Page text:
2. Sport Criminology: Nic Groombridge - Sport, law and sociology in the literature
- Last Updated on Monday, 09 July 2012 17:04
- Nic Groombridge
Sport, law and sociology in the literature
In this section the sport law literature and sport sociology literature are separately considered before turning to the works of Atkinson and Young (2008) and Blackshaw and Crabbe (2004) who, in their different ways, come close to my intentions. Clearly the entirety of all these growing numbers of books cannot be reviewed here. There has been selection, partly seeking a modicum of breadth but also contemporary relevance.
From the numbers of books, specialist journals and standalone modules on undergraduate and post graduate degrees this is a growing area. Books on sports law typically set out the law in respect of particular jurisdictions and journal articles typically analyse or set out notable cases. Largely they follow the black letter law tradition and often, as textbooks, contain little critical material. Some take sporting celebrity and the extreme circumstances that occur in live sport as vignettes to illuminate the law - sometimes intending humour (Day, 2005). Obviously the growth in international organisations and law and the influence of international sports federations with their imbrication in late modern mediatised societies mean a growing confluence of sports, entertainment and media law. Resisting such globalising tendencies, and reinforcing the argument for ‘sports law’ over ‘law and sport’, we findFrancewith its own specific Loi du Sport.
In Brazil football has needed, and has acquired under President Lula, the protection of law - the ‘Law of Moralisation in Sport’ and the "fans statute". The statute requires the Brazilian FA (CBF) to hold at least one national competition in which the "teams know before it begins how many games they will play and who their opponents will be". Brazilhas had a national league only since 1971 and changed its format every year as the cartolas (top hats) and dictators who use to rule, used the sport to serve their own interests. Relegation rules have been changed to keep big clubs up, and teams have been included in the league in return for political favours (Bellos, 2003). During the recent UK General Election all parties made mention of greater regulation of football (Harris, 2010).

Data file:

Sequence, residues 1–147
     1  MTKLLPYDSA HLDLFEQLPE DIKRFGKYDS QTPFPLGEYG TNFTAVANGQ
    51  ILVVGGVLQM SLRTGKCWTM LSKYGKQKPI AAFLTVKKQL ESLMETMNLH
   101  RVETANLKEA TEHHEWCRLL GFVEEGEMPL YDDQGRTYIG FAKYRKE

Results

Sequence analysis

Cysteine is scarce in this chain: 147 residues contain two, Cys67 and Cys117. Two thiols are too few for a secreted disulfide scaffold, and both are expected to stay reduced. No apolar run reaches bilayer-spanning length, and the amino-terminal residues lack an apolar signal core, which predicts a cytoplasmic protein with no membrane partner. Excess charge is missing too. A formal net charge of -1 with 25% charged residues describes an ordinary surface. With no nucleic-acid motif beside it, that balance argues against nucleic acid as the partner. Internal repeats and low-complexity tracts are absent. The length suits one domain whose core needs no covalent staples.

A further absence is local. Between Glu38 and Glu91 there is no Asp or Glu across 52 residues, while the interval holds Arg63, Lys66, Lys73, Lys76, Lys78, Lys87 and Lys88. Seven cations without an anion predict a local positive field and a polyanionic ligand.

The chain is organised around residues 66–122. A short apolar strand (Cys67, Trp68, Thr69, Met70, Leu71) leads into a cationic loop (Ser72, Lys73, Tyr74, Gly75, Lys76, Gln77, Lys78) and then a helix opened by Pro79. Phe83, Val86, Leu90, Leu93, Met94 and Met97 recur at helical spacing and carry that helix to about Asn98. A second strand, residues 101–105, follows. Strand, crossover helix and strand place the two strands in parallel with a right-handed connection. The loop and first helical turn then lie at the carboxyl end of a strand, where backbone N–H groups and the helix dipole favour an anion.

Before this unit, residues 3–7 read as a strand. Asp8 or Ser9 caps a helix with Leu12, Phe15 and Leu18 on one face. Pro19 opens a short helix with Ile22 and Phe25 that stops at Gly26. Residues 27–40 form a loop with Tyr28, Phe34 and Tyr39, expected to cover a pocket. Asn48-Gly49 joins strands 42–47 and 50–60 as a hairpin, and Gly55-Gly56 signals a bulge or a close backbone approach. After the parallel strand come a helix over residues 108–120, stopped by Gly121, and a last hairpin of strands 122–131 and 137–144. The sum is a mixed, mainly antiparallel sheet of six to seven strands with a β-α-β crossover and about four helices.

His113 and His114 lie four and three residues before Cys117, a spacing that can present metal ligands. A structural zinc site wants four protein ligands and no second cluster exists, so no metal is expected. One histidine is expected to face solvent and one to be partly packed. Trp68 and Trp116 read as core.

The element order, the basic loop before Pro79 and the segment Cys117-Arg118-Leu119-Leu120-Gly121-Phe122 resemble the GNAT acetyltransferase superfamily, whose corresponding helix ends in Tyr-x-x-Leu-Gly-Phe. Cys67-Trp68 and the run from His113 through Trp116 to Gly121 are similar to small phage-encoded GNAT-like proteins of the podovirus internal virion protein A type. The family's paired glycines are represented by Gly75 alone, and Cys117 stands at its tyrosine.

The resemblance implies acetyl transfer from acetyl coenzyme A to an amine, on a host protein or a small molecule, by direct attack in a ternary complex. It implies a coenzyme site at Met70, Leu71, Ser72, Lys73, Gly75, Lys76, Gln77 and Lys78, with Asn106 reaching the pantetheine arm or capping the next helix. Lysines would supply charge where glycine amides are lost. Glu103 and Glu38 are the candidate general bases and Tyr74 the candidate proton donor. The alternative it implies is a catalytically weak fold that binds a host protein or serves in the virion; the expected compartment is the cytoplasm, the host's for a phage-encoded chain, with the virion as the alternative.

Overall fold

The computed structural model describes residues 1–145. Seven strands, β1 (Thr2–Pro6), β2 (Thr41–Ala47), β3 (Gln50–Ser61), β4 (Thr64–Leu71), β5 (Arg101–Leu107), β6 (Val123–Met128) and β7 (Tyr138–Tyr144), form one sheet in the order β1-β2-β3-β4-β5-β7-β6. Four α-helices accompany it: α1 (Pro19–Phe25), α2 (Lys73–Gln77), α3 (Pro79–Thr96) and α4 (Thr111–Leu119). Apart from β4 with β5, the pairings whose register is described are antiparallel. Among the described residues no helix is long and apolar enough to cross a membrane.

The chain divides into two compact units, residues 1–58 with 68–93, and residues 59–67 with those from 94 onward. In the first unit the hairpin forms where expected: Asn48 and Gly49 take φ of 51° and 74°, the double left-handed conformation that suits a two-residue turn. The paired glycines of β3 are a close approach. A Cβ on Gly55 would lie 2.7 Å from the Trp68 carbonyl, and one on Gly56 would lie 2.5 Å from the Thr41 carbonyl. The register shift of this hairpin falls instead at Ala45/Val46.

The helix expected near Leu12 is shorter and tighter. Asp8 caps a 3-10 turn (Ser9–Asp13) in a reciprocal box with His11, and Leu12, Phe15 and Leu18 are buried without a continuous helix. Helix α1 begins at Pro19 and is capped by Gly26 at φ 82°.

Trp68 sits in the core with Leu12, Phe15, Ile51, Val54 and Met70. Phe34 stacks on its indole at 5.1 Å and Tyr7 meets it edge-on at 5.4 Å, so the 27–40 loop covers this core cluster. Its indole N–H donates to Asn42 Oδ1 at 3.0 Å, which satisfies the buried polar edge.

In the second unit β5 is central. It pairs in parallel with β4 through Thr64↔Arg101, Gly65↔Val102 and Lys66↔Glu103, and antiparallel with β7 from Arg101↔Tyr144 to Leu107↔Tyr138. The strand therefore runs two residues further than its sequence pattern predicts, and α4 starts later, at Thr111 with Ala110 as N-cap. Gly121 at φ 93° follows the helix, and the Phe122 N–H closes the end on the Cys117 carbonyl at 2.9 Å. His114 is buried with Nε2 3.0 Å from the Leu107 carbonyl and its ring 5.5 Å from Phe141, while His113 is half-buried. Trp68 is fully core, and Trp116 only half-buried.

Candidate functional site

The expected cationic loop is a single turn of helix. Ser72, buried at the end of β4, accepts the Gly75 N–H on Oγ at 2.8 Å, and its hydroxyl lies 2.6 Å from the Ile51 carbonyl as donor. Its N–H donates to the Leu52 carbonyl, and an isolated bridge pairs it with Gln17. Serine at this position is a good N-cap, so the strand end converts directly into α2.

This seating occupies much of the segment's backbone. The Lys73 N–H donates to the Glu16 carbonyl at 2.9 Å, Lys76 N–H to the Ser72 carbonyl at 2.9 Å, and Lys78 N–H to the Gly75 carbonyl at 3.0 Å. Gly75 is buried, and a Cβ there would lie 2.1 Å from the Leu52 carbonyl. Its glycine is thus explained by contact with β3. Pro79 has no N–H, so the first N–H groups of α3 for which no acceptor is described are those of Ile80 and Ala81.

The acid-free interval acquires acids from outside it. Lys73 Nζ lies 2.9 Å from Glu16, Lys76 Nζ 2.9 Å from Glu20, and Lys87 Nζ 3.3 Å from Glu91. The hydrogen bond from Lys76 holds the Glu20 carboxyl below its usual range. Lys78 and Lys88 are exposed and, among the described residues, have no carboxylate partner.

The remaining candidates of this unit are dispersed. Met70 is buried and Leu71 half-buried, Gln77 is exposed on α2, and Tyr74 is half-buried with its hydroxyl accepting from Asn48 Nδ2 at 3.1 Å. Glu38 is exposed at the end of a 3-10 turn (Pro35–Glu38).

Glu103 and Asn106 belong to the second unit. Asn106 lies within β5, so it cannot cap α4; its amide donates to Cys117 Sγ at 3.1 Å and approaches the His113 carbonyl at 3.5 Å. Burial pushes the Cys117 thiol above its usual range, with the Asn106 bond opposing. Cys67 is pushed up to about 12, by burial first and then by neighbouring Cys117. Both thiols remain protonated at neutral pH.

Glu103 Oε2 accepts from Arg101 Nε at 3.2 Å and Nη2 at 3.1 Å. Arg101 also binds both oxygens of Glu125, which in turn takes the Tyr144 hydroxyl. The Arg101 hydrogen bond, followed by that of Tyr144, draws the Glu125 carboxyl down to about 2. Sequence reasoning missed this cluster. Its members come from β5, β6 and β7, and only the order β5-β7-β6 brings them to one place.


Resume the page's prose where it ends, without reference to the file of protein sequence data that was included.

Two of the most common aspects of recent UK(Englandand Wales) legal publications are drugs testing and the Olympics. Drugs are seen to be a problem in all sports and all jurisdictions so might be expected. The arrival of the Olympics in Londonfor 2012 ensures that Lewis and Taylor’s (2008) standard work now includes a special section on this as does James (2010). Mestre gives a whole book over to the lex olympica. Some criminology might be found in a consideration of the Olympics - as opposed to its constituent sports - and investigative journalists may be first to the corporate and organised crime aspects but here we deal initially with the most obviously criminological in sports law - drugs.
In the sports law literature ‘drugs’ generally mean performance-enhancing drugs rather than ‘recreational’ or illegal drugs. Indeed Hartley’s index just says ‘drugs see doping’ (2009: 325) but is covered, encouragingly for the critical criminologist, as a human rights issue (though mostly in the language of natural rights and ethics) to which we will return in the case studies. Healey (2009) too, in her analysis of Australian sports law takes much the same line. Gardiner et al (2006) however discuss the issue in contractual terms, often implied and now more often explicit, between the sports authorities and the competitor and raising the moral issue of ‘cheating’.
Much of the standard, shared contents of these texts is on the application of the doctrine of volenti non fit injuria. That is in stepping into the ring or onto the pitch you consent, within the rules of the sport, to be injured. Hartley (2009) interestingly expands on this by deploying arguments from the homosexual sado-masochistic case of R v Brown  on boxing but also mixed martial arts and cage fighting.
Hartley’s work promises a bridge to the sociological literature. Concentrating on English law her work is commended to us by Helena Kennedy’s foreword as seeing the ‘development of the law through a sociological lens’ (2009: xvii). By this she seems to mean the recognition of the rise of ‘race’, religion, homosexuality, age and disability as rising legal issues that have finally, formally impacted on sport that are reprised in the sports sociology literature proper. That is it is sports law with a strong sociological flavour. We turn now to sport sociology proper.